Northern Exposure: Windsor Casino Bidding, FINTRAC Issues Special Advisory For Online Gambling

Each week, Canada Sports Betting recaps all the top sports betting and iGaming news in Canada and highlights upcoming events.

Our top stories this week

Event of the week

UFC 297 – Toronto

The UFC returns to Toronto for the first time in more than five years on Saturday.

The event will be headlined by a middleweight championship bout between American champion Sean Strickland and South African challenger Dricus Du Plessis. A second title will also be decided at the event in the women’s bantamweight division when Raquel Pennington takes on Mayra Bueno Silva.

Plenty of Canadian talent will be on display at Scotiabank Arena, including a pair of Canadians – Mike Malott (-400 favourite against Neil Magny at NorthStar Bets) and Marc-Andre Barriault (+150 underdog vs. Chris Curtis) – on the main card. Prelim bouts will feature six more Canadian fighters.

Canadian fighters went a combined 5-0 when the UFC returned to Canada at UFC 289 in Vancouver this past summer.

Check back with Canada Sports Betting on Friday for a full betting preview of UFC 297!

Caesars Windsor bidding

Last October, The Ontario Lottery and Gaming Corporation issued a RFP (request for proposals) for private operators to bid on the day-to-day operations of the Windsor Casino, currently being handled by Caesars Windsor.

According to a report from The Globe and Mail, OLG is now in the final stages of reviewing bids and there are three frontrunners: Caesars, Bally’s, and Mohegan Gaming and Entertainment. Caesars, which has handled the day-to-day operations of the Windsor Casino for 30 years, is the preferred operator of local politicians, tourism executives, and union officials, according to the report.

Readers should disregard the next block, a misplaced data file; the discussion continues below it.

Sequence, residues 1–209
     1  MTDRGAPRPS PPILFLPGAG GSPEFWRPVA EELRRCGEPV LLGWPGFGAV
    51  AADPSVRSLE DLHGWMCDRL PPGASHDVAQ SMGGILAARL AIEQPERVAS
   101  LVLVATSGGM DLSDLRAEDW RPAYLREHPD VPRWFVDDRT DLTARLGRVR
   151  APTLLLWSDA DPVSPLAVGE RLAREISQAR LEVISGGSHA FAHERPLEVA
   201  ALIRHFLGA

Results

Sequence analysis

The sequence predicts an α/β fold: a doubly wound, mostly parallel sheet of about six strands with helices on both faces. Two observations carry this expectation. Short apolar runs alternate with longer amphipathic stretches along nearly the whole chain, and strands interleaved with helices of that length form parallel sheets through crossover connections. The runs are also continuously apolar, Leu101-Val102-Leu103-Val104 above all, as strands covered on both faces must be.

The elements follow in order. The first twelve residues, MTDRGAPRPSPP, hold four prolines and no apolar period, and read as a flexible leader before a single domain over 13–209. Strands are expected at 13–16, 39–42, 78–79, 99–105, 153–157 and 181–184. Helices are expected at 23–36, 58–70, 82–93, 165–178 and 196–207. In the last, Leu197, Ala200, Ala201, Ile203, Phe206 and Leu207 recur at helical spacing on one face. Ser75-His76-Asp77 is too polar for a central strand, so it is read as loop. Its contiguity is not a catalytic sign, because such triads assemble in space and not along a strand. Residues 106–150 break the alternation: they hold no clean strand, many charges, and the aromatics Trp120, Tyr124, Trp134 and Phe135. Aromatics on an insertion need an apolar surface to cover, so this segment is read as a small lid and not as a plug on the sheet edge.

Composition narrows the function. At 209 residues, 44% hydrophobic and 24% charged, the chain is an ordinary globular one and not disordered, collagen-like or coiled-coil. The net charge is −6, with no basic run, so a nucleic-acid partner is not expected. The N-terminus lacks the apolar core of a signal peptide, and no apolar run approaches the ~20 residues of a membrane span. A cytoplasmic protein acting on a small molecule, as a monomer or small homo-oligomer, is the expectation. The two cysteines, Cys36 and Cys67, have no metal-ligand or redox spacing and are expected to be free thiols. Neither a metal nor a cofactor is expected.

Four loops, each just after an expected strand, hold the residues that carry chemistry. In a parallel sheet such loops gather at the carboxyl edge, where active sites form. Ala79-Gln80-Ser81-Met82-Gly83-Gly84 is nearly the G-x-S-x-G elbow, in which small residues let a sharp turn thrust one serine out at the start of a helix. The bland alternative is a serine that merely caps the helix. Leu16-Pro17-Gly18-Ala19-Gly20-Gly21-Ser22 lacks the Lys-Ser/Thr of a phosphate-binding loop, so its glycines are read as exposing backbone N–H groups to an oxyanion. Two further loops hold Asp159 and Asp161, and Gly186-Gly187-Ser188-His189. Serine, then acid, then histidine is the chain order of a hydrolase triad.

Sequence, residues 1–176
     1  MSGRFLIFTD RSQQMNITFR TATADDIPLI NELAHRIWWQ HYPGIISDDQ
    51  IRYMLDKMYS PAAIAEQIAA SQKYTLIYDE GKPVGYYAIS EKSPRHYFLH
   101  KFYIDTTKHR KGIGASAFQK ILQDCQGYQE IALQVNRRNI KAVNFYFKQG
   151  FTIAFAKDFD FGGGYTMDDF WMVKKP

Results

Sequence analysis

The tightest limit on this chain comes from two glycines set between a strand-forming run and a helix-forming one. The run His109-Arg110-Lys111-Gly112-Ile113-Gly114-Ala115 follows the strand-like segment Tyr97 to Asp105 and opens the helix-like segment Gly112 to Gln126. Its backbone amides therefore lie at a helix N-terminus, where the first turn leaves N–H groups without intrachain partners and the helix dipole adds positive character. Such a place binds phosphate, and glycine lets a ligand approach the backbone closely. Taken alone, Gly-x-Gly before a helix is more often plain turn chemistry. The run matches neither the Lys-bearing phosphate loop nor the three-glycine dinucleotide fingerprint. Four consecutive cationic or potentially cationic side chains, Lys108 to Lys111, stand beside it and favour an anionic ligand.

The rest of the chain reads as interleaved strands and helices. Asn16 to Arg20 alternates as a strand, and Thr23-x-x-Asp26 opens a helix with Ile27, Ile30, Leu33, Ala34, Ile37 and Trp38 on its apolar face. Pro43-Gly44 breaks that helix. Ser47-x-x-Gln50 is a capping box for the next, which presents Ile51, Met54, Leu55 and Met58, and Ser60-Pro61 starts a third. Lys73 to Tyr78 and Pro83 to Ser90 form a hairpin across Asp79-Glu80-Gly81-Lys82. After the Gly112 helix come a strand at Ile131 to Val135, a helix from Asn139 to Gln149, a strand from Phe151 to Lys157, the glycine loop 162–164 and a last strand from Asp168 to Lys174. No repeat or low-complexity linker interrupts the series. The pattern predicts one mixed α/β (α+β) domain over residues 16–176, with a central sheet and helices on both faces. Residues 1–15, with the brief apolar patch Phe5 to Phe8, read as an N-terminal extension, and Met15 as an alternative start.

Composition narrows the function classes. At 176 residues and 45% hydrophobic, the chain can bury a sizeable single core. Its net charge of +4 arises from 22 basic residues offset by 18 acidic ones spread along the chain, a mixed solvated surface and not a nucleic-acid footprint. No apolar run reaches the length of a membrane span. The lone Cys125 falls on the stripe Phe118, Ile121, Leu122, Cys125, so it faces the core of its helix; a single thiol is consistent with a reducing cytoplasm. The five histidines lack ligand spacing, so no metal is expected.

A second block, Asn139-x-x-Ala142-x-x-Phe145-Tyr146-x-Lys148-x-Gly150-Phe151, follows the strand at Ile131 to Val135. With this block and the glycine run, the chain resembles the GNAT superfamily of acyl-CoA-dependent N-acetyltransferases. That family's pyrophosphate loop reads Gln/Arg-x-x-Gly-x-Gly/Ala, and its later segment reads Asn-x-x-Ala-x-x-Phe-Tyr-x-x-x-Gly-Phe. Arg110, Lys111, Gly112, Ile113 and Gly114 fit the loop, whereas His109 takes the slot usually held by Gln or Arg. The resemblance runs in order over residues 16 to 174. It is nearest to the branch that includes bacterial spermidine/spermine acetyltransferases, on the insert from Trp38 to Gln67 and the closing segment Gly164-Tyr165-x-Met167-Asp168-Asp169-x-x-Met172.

Last January, Caesars Windsor debuted a new retail sportsbook on the grounds, one of the first of its kind in Ontario. Caesars also has digital platforms for iCasino and sports betting available to online bettors in province.

Caesars is one of the largest gambling companies in the world and operates 53 casinos globally. Bally’s operates 15 casinos, and Mohegan Gaming and Entertainment runs eight casinos, including two in Niagara Falls on behalf of OLG.

A couple of interesting financial highlights from The Globe‘s article:

  • Last year, the OLG took in $4.2-billion from its 30 casinos. The cash was evenly split, with $2.1-billion going to provincial coffers and $2.1-billion paid out to Caesars and the other companies that run the properties. To put that figure in perspective, Ontario received $2.29-billion from the government-owned liquor retailer, the LCBO.
  • The OLG pays a portion of its casino revenues directly to the city of Windsor, handing over a total of $88-million over the past three decades. The quarterly payments amount to 2.5 per cent of the city’s annual budget.

The OLG put the contract out to tender last April and it has been restructuring more favourable contracts on behalf of the province for its Ontario casinos over the past decade. The process is meant to be confidential, so OLG and interested parties won’t be commenting until a formal decision is made, likely this fall.

FINTRAC’s special online gambling advisory